Russia deploys advanced anti-missile system to Syria for first time, US officials say
Russia has deployed an advanced anti-missile system to Syria for the first time, three US officials tell Fox News, the latest indication that Moscow continues to ramp up its military operations in Syria in support of President Bashar al-Assad.
It comes after Russia's actions led to the collapse of a cease-fire and the cut-off of direct talks with the U.S.
While Moscow’s motives are not certain, officials say the new weapon system could potentially counter any American cruise missile attack in Syria.
Components of the SA-23 Gladiator anti-missile and anti-aircraft system, which has a range of roughly 150 miles, arrived over the weekend “on the docks” of a Russian naval base along Syria’s Mediterranean coastal city of Tartus, two US officials said.
It is the first time Russia has deployed the SA-23 system outside its borders, according to one Western official citing a recent intelligence assessment. The missiles and associated components are still in their crates and are not yet operational, according to the officials.
The U.S. intelligence community has been observing the shipment of the SA-23 inside Russia in recent weeks, according to one official.
While the purpose is not clear, one US official asked sarcastically, “Nusra doesn’t have an air force do they?” speaking about the Al Qaeda-linked group in Syria. The Islamic State also does not fly any manned aircraft or possess cruise missiles, in a sign that Russia is directing its actions to protect itself against any potential attack from the United States or its allies.
The SA-23 can fire two different types of missiles. A smaller missile is used against aircraft and cruise missiles and is known by NATO as Gladiator. The larger missile is used against intermediate-range ballistic missiles and jamming aircraft and is known as Giant. Both missiles use the same type of warhead containing over 300 pounds of explosives, according to military-today.com.
Three years ago, President Obama weighed military action against the Assad regime’s chemical weapons facilities as well as airbases housing the regime’s attack helicopters and jets. US Navy ships in the eastern Mediterranean were prepared to launch Tomahawk cruise missiles in a limited strike to cripple the regime.
Russia deployed a separate air defense system, the S-400, to Syria after a Russian jet was shot down by a Turkish warplane last November. Since the S-400 deployment, the U.S. military has been careful about flying manned aircraft inside the range of the system, despite repeated pledges by the US military that its airstrikes in Syria are focused on ISIS, not the Assad regime.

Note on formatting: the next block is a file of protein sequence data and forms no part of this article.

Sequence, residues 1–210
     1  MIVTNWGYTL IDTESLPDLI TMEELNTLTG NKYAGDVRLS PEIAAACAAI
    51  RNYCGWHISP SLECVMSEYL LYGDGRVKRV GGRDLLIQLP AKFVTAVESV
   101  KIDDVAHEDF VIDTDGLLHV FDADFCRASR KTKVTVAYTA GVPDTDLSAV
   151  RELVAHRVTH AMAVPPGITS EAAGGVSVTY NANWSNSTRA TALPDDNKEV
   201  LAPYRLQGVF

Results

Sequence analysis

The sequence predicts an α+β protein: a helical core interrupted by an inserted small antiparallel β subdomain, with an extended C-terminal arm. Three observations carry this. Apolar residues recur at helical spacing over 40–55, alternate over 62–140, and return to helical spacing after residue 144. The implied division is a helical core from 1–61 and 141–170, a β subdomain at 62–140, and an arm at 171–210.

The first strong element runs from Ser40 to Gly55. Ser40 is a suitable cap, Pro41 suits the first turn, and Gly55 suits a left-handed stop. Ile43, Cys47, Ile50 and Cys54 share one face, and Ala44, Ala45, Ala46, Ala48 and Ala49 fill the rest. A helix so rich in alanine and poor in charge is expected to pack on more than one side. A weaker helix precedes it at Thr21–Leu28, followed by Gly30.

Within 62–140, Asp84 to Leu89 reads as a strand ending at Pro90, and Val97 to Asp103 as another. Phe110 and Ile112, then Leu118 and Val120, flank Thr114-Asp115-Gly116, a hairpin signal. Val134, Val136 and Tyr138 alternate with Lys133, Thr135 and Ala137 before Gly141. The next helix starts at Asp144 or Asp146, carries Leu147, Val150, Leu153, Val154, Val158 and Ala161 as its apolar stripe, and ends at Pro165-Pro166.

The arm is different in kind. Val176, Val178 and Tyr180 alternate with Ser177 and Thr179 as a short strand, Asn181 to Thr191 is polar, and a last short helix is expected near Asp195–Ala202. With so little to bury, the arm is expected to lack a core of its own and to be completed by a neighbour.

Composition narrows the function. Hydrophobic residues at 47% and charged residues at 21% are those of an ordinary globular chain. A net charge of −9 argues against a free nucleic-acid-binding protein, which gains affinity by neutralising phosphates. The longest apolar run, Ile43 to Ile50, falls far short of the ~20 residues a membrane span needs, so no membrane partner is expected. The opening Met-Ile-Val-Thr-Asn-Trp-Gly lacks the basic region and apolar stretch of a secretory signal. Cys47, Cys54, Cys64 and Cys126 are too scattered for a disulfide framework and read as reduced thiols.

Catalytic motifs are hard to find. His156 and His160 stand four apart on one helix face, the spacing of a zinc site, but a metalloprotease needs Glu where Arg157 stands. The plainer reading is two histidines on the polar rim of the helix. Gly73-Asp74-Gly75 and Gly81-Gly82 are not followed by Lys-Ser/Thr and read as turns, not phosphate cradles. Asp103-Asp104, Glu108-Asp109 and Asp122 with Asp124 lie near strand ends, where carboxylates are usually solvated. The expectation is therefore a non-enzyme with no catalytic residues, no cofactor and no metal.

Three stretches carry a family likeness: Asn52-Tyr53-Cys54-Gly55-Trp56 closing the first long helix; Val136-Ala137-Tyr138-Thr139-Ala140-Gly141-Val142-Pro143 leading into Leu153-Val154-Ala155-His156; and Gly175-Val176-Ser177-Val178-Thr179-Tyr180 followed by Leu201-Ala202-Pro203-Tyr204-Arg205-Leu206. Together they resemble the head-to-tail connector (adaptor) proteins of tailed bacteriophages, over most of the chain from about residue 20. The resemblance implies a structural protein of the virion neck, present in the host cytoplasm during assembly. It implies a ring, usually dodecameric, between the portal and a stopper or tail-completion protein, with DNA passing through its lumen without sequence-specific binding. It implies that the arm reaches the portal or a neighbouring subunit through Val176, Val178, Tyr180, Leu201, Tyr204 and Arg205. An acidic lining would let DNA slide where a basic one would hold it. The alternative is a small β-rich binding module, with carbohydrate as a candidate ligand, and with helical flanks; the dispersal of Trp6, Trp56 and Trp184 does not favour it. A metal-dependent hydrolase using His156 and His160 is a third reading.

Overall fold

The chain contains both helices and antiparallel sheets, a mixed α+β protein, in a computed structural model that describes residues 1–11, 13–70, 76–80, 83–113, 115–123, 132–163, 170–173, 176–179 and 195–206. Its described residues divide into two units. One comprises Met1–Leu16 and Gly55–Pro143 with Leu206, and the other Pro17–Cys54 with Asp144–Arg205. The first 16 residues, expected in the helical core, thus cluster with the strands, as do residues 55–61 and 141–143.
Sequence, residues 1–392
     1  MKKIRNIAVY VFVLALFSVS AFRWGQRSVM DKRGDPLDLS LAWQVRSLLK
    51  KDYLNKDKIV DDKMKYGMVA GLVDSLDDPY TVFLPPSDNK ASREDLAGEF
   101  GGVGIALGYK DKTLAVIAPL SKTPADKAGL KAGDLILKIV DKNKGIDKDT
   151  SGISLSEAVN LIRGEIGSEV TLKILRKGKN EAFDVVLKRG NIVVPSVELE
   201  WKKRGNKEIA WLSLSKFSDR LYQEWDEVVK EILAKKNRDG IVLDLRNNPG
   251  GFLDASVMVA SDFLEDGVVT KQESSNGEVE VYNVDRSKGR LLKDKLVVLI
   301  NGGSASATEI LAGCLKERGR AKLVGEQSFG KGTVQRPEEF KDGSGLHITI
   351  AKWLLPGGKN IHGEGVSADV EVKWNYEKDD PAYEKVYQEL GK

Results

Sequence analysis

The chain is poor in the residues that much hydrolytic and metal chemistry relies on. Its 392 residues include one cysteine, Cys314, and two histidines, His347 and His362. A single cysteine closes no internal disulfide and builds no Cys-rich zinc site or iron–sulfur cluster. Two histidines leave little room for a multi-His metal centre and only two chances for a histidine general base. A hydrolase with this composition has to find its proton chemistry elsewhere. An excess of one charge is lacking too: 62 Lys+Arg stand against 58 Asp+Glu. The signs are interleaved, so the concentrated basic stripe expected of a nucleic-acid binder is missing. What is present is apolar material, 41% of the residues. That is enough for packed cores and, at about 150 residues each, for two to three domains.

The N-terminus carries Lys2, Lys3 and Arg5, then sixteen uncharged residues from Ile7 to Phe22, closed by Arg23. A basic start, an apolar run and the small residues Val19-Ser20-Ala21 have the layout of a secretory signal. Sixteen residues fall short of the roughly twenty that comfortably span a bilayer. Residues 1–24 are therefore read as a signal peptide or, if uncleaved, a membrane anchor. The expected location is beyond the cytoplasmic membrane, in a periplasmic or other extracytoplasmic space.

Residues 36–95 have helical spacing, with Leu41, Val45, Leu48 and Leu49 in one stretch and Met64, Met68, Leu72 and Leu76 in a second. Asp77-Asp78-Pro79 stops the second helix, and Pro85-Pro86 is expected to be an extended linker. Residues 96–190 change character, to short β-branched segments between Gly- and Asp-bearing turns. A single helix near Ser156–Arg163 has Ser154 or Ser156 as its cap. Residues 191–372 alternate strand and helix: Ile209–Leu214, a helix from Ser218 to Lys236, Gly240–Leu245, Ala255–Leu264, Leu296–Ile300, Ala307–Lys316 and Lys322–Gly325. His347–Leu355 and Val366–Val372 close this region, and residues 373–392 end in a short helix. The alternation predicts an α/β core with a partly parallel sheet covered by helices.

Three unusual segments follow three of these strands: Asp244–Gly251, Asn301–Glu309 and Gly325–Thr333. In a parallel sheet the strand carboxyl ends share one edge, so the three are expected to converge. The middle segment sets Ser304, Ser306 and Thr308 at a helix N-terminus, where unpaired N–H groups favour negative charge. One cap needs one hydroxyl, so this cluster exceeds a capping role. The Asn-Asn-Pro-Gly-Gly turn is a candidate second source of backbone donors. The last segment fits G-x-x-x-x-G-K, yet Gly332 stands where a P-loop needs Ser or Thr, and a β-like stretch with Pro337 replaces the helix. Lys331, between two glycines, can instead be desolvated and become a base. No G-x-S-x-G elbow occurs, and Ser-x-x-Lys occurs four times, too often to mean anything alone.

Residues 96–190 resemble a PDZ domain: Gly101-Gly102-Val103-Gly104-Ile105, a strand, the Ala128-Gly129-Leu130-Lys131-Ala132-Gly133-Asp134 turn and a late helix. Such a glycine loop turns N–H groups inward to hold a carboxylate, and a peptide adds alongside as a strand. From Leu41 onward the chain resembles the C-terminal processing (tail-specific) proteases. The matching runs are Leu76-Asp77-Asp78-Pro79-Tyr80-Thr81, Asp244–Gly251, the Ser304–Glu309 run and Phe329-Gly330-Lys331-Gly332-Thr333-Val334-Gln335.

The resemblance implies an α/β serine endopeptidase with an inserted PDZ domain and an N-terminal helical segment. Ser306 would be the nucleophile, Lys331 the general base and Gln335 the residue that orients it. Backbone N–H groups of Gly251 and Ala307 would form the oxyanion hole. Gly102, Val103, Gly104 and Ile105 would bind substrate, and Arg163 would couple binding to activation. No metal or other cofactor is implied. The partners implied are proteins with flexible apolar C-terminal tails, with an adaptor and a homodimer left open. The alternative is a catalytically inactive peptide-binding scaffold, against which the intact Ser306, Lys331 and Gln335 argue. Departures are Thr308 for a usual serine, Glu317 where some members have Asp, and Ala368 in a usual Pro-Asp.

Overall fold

Monday, the Pentagon announced it conducted an airstrike potentially killing a “prominent” al-Qaeda linked operative in Syria. Officials said they were still assessing the strike and have not released the name of their target.
Hours after the State Department announced it was cutting off talks with Moscow, President Vladimir Putin said he had suspended a Russia-U.S. deal on the disposal of weapons-grade plutonium. Putin's decree released by the Kremlin cited Washington's "unfriendly actions."
Top US officials have recently accused Russia and the Syrian regime of indiscriminant bombing in Syria using incendiary and bunker busting bombs on civilians. Two weeks ago, a UN aid convoy was bombed, killing dozens of aid workers attempting to deliver critical supplies to the more than 200,000 Aleppo residents trapped inside the eastern portion of the city, once Syria’s most populated. In the past week, hundreds of civilians, including children, have been killed, according to local reports.
Russia began its air campaign in Syria on Sept. 30, 2015 following a weeks-long buildup of fighter jets and attack aircraft. Long-range bombers flying from Russia and Iran have also been used to attack Syrian rebels, some backed by the United States.
Days after Russian bombs started falling in Syria, President Obama predicted that Russia and Iran would find themselves mired in a “quagmire.”
“[A]n attempt by Russia and Iran to prop up Assad and try to pacify the population is just going to get them stuck in a quagmire. And it won’t work,” he told reporters in a White House press conference on Oct. 2, 2015.
On Friday, the one-year anniversary of the Russian strikes, the State Department acknowledged that Russia had succeeded in its goal of propping up the Assad regime.
“It is a grim anniversary…It is hard not to assess that they have succeeded in bolstering the regime,” said Mark Toner, a State Dept. spokesman.